Energy and enthusiasm surround RAD celebration

April 9, 2018

By Jan Jarvis

Rad 18 Web
 
Alissa Mirochnitchenko anticipated that her poster on survival sex, drug use and reproductive autonomy might get noticed by a few people at Research Appreciation Day.

But the medical science student underestimated its appeal.

“I feel like I’ve been talking all day,” she said. “I guess the title was really enticing to faculty, students, every one walking by.”

Mirochnitchenko was among about 248 people presenting posters at Research Appreciation Day, or RAD, an annual celebration of the outstanding quality and range of research conducted at UNT Health Science Center.

It’s also an opportunity for students, faculty and staff to share research efforts with the campus community and the public.

The event buzzed with energy as faculty, students and other visitors browsed through the rows of posters on display in the Gibson Library, a fact not lost on keynote speaker Dr. Patricia Flatley Brennan, Director of the National Library of Medicine.

“I have never been in a room with so much excitement, energy and noise,” she said. “And we were in a library.”

UNT System Chancellor Lesa Roe echoed the enthusiasm surrounding RAD.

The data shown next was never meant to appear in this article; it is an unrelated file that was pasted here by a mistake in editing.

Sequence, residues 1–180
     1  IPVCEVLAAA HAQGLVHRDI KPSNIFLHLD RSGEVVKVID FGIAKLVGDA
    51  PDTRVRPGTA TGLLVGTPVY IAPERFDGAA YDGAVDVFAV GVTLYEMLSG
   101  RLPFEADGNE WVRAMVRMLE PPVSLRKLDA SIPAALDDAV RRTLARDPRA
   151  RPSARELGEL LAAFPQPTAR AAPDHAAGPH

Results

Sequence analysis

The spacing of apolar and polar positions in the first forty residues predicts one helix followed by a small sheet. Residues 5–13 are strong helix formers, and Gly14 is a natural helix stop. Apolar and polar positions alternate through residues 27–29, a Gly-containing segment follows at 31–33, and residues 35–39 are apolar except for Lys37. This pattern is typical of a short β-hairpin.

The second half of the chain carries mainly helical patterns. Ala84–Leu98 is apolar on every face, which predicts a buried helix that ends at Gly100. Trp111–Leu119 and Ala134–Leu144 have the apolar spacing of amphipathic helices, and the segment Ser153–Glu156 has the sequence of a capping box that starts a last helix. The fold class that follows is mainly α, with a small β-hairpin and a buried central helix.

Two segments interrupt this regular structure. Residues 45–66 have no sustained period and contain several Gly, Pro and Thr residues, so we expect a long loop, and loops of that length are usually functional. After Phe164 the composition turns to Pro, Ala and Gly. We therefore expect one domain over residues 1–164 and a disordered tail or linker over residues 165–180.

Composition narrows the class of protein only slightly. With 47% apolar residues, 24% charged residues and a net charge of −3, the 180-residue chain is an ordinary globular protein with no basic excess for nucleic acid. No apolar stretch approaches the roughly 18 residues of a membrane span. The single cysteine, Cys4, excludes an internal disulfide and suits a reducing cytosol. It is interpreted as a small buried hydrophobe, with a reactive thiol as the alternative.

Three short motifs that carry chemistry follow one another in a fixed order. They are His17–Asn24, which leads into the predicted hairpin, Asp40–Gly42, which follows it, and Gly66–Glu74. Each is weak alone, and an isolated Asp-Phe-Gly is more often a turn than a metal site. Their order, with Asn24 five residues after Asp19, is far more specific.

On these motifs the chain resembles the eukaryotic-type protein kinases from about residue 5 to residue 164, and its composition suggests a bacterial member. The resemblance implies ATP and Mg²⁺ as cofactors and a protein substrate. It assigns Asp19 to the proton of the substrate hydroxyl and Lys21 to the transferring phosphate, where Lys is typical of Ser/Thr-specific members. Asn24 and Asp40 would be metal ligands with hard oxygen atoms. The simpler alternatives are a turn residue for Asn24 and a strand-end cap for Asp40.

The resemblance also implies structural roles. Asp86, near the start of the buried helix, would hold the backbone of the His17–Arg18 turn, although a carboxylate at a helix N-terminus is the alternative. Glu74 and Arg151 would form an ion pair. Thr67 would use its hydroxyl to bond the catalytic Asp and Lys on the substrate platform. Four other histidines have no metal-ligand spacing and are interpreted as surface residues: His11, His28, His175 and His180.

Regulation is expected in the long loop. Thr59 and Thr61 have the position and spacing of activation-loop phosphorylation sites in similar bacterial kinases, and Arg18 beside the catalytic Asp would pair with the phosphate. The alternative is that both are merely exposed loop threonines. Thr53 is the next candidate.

“This is such a great model, and I think all of the universities should be coming here to see this great display of research,” she said. “I’m so amazed with how incredibly bright everyone is, and I’m so impressed with their ability to present their work.”

Nicolet Finger, a second-year student at Texas College of Osteopathic Medicine, was surprised by all the interest in her poster about a patient who was diagnosed with stage 4 cancer at seven months and now is 19.

“There’s a lot more people walking by and asking questions than I expected,” she said. “I figured the only people who would be interested would be the judges.”

Judges were out in force looking at every poster, something that Jordan Lydia Torres, a fourth-year TCOM student, found a little unnerving.

Doing the research and then creating her poster on the Reoccurrence of Neurotoxicity in Teenagers Undergoing Chemotherapy, was the fun part, she said. Answering so many questions was more challenging, but rewarding nonetheless.

“This is a really good opportunity especially if you a plan to do an academic

residency,” she said. “This experience has been very beneficial.”

The fervor carried over to the MET, where Dr.  Brennan spoke on Data Powered Health and the Many Roles of Biomedical Scientists, Librarians and People.

Dr. Brennan addressed the crowd about the importance of engaging everyone regarding health. The National Library of Medicine is trying to give people new tools to help them explore health in the future, she said.

“We’re thinking of new ways to open up science so the participant becomes the beneficiary and not just the contributor,” Dr. Brennan said.

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